Friday, January 31, 2014
You can hardly turn around these days without hearing or seeing news about self-driving cars. NPR interviews a Google engineer. CBS does a segment with a Honda engineer. Science shows on TV bring updates from the US and Europe demonstrating the latest features. This article, for example, tells about work between Ford and MIT to give cars “intuition,” the ability to detect not-yet-visible dangers. This all seems wonderful, but critical thinking and economic understanding often lead to discovery of unintended consequences. What could lie ahead in the case of self-driving cars?
There are several steps in development. We already have backup cameras and collision-warning/braking devices on some higher-end cars. Even today “current vehicles can self-park, self-drive in slow-moving traffic and redirect drivers around heavy traffic. The second step will see vehicles communicate with one another, allowing them to wirelessly link up and travel together to ease congestion. The third and final step, according to Ford, will be fully autonomous vehicles.” The ultimate goal is the elimination of all traffic accidents, saving over 30,000 lives a year.
Imagine all the cars moving down the road at the same speed, evenly spaced, in a smooth flow, anticipating each other’s movements while the passengers relax and read, text or sleep. It will be like having a personal chauffeur or riding on a small train. It sounds like a dream. Children born 50 years from now will wonder why we ever wanted to spend all that stressful time behind the wheel.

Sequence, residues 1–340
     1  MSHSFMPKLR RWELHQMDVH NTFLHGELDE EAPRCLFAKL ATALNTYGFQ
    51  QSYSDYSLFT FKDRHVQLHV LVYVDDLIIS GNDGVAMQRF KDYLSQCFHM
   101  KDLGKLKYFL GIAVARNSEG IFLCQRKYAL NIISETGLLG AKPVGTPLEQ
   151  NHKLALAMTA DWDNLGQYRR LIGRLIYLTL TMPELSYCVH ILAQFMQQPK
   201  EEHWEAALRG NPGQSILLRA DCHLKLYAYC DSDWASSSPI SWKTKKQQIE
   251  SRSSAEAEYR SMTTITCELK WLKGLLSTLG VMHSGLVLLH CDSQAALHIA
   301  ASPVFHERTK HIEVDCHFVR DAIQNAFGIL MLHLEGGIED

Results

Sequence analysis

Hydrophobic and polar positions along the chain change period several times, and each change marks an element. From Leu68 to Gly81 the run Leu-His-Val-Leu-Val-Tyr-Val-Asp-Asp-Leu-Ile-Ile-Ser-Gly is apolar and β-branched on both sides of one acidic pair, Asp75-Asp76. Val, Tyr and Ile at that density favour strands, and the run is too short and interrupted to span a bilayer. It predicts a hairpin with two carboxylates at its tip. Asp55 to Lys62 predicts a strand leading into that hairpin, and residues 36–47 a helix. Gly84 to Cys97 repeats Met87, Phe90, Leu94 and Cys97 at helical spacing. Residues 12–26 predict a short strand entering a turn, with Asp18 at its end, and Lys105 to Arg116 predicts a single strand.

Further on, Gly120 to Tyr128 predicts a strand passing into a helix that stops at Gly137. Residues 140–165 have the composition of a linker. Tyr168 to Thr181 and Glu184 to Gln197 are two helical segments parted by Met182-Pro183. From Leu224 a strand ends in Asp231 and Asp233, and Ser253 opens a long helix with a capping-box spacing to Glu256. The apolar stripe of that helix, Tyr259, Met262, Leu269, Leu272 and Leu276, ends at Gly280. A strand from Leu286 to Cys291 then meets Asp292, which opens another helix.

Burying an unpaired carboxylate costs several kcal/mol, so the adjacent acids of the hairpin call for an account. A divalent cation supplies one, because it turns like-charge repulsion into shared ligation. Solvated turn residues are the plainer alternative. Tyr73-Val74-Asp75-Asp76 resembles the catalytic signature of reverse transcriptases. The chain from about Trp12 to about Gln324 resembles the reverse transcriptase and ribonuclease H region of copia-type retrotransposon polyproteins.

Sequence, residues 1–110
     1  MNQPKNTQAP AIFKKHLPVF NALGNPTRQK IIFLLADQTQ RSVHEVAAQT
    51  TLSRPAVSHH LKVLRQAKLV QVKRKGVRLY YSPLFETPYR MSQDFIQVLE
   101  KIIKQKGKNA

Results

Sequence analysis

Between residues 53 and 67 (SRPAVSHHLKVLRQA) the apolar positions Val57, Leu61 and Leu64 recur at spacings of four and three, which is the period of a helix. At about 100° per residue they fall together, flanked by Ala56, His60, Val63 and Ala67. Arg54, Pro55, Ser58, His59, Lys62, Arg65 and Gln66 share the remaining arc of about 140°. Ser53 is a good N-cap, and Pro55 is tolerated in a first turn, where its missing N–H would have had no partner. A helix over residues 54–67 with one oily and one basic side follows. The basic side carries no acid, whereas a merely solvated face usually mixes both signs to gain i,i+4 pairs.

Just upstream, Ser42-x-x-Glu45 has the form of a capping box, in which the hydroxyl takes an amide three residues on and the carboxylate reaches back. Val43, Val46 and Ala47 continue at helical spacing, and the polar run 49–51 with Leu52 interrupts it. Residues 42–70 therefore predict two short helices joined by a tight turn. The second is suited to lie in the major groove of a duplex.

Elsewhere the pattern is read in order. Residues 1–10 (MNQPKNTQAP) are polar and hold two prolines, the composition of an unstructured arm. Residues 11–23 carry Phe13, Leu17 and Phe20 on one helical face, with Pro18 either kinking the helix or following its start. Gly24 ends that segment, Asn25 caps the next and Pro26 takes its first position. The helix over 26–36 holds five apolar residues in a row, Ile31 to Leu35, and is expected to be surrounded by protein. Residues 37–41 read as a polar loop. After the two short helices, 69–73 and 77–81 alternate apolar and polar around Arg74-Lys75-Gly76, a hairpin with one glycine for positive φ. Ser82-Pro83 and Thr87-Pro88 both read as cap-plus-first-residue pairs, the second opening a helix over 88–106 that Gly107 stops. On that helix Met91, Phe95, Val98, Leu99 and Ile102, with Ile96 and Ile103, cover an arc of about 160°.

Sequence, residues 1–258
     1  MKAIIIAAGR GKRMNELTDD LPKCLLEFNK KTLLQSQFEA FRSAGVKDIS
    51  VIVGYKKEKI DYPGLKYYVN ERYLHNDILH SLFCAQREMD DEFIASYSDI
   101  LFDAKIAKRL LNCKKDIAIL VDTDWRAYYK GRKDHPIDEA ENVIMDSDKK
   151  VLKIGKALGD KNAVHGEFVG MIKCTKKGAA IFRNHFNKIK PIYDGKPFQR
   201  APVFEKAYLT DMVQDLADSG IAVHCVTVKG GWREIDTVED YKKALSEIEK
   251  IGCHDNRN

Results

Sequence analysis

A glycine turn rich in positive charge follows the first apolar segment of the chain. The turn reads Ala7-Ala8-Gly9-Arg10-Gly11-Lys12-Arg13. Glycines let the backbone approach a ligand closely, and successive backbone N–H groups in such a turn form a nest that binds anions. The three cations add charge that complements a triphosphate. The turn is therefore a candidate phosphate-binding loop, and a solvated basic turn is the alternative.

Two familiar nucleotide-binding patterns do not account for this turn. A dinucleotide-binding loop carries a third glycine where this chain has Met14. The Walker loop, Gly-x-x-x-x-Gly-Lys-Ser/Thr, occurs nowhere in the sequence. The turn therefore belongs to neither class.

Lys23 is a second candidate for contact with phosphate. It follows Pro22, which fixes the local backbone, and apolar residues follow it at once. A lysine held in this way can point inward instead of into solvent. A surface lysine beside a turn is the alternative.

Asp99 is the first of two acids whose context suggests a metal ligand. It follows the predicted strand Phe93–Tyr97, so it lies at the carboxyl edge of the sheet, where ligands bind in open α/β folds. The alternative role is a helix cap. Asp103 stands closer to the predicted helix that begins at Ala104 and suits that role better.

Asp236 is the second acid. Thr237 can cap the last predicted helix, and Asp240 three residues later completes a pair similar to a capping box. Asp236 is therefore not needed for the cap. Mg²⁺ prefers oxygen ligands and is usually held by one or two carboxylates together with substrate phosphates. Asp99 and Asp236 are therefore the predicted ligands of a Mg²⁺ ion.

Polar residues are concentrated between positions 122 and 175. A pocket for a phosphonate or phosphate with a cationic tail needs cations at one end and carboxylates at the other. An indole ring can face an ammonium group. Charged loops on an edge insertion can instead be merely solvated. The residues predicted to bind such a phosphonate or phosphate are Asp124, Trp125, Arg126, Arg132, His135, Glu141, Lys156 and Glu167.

Now think more broadly. If they can do that with cars, what about trucks and busses – and what about all the jobs that go with them? Will future Americans just hop into taxis with no driver and enter their ID and destination on a touchscreen? Will that smooth flow on the highways also include driverless 18-wheelers moving freight from warehouses to stores? Will trash trucks, which have already replaced some workers with a hydraulic lift, soon replace the driver too? Could someone design a robot to deliver mail from an autonomous vehicle? Wouldn’t school buses be safer being driven by the computer than by a human, school buses with closed circuit cameras and other systems so that the kids dare not stir out of their seats? Will all these jobs, including those of traffic cop, highway patrol and parking monitors, go the way of the elevator operator? What happens to the insurance agents, processors, and investigators, and lawyers whose jobs depend on road mishaps?
It’s a short step from this seemingly innocent and very promising technology to a scary science fiction scenario; and with the prospect of saving 30,000 lives a year, there is really no stopping it.
Monday, January 27, 2014
This news headline from last week was designed to elicit negative reactions. The gap between the rich and the poor continues to grow, not only in the US but in the majority of countries. "In the last thirty years seven out of 10 people have been living in countries where economic inequality has increased," and we don’t have the political will to curb the growth.
Wow. This situation sounds very serious. Who are these cheats and swindlers? Where did their money come from? Why are they getting richer while the rest of us are not? It’s not fair!